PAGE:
Mr Frost has been visiting us a bit lately and while the kids love the sprinkling of white flakes over the back lawn and watching the ice melt slowly, it makes Tim and I very nervous.
Growing avocados trees in our climate has many benefits in terms of producing great quality fruit and lack of pests and diseases, but it also comes with risks, one of them being frosts. Frosts are not an avocado tree’s friend and they are one of our tree’s biggest threats, so this time of year is always a little bit anxious for us. There’s lots of checking of the weather forecasts, frost fan maintenance and seaweed sprays.
To protect the trees from frost as much as we can we have big frost fans which soar 11m into the sky. They have 2 large blades which are 5 ½ metres in diameter. The blades spin like helicopter blades and rotate around on their axis to move the air and to stop the frost from settling on the trees. We have three fans, each one covers a 6 ha radius.
The fans are set on a temperature sensor and they automatically come on when it gets below 0C. It’s all very techno these days and Tim has a special program on his phone so that he can see a satellite image of the orchard and each fan with the temperature reading at each fan and he gets alerts to tell him when each fan comes on or if there are any problems with them.
Basically the fans work really well as long as there is warmer air at the top of the tower. The fans work by mixing the warm air up higher which is generally about 4 or 5 degrees warmer than on the ground and pushing it downwards. As long as these conditions are right and the frost fans do their job, the big avocado trees can tolerate down to about -4C and the baby trees down to about -2C.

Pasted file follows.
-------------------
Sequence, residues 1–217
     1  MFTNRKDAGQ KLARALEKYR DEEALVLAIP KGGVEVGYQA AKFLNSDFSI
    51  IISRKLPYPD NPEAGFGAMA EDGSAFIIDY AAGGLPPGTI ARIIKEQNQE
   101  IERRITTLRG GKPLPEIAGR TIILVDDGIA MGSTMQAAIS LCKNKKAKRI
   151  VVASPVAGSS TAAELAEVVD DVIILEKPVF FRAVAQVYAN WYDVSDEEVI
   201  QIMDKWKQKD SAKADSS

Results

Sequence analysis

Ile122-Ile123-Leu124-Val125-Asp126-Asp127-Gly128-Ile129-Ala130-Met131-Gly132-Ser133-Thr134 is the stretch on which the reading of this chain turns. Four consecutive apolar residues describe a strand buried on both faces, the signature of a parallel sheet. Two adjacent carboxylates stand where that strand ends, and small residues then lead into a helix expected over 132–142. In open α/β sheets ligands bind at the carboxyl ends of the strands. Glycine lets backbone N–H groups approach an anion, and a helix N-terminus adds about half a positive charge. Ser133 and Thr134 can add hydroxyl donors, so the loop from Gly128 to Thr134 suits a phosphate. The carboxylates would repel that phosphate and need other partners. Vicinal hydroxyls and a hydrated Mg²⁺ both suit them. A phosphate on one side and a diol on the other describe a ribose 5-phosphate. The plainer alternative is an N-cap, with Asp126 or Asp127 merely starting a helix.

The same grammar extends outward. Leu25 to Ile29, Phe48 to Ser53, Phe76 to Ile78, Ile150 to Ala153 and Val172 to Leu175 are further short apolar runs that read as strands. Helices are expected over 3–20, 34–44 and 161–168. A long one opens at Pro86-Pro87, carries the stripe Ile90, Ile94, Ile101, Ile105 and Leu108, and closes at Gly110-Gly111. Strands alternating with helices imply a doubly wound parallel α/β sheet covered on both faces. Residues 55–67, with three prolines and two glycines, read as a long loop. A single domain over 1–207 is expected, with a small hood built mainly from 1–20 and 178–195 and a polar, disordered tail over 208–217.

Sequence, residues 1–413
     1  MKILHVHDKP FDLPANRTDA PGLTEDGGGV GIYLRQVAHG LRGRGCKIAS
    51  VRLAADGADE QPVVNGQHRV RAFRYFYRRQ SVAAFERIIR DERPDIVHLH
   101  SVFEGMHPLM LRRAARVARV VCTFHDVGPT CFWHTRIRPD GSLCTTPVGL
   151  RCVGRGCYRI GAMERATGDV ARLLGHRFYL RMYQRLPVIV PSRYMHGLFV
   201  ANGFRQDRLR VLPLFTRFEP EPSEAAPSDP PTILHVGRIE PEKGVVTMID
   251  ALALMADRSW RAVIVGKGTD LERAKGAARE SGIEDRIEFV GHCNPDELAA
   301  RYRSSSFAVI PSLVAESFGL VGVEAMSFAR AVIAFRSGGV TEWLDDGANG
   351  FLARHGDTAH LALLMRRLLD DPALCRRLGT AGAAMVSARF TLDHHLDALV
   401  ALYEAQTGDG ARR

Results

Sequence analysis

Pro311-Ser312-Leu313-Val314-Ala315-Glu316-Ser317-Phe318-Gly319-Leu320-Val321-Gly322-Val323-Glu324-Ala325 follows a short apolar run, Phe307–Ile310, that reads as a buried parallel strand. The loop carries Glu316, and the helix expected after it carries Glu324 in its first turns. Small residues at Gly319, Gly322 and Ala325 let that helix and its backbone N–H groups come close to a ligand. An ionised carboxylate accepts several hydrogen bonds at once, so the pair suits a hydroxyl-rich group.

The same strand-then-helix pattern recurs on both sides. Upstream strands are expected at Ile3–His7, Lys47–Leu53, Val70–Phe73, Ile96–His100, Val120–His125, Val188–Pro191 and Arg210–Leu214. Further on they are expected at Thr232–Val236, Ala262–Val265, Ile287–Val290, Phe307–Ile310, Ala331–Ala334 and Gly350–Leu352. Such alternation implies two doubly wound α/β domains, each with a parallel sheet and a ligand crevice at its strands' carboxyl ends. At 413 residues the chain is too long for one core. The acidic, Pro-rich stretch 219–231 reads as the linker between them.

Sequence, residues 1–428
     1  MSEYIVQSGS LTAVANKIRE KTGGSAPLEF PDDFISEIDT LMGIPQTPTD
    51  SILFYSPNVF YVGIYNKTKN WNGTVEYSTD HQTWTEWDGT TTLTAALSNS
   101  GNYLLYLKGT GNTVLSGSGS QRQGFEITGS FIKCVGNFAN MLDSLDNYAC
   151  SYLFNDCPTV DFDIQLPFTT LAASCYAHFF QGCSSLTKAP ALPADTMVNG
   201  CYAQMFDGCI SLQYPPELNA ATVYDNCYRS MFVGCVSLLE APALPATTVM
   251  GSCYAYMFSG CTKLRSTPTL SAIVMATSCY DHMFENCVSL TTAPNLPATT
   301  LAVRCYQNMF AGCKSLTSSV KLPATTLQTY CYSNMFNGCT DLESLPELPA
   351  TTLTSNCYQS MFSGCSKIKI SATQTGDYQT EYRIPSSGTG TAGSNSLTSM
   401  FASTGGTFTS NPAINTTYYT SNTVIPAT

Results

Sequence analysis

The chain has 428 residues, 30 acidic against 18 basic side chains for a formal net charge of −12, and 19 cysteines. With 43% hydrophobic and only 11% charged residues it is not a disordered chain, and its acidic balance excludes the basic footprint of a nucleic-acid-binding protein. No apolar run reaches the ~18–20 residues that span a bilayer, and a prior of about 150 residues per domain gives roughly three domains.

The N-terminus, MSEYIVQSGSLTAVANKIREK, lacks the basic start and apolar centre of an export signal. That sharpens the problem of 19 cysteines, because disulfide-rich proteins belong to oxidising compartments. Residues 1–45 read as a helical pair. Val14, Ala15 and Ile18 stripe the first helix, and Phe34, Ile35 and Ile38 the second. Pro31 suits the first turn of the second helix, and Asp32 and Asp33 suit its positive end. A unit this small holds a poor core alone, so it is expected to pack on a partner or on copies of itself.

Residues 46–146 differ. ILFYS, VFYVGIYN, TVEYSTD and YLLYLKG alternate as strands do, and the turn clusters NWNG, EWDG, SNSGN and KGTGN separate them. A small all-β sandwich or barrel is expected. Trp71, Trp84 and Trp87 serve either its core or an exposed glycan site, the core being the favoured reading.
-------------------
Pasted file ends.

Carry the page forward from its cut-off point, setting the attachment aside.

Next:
If the trees get frosted, it’s pretty serious. A severe frost can cause damage to the fruit on the tree and if it’s severe enough it can also cause the fruit to drop off.
If the frosts are late in winter it can also affect the emerging flower buds which will reduce the fruit set for the following season.
Fixing the frost fan
Last week we had a bit of bad luck to go with a pretty bad frost. First of all we had ants in one of the fan’s control panels, which meant we couldn’t set the temperature properly. Then Tim fixed that and the same fan “did a clutch”. Not great when a -2 frost was forecast for that night and there was no chance of getting the frost fan mechanics up to fix it in time. It ended up getting down to -3.3 that night. Luckily it was the fan that covers the highest part of the sand hill and the mature trees and we seem to have mostly got a way with it. We have had some fruit drop and some fruit damage but at this stage it looks like the flower buds are OK as they are not really emerging yet. So it’s not too bad, thankfully.
Managing frosts is just one of the many risks we have to manage on the farm and although it can be stressful, to us it’s just part of running the business. If you’re a famer you know there are risks and it’s about managing them as best you can. People often say “why would you be a farmer, when you have no control over the weather” and I always think, “well, that’s just part of the challenge”. All business have risks, all business face challenges and you can’t control everything and that’s the fun of it!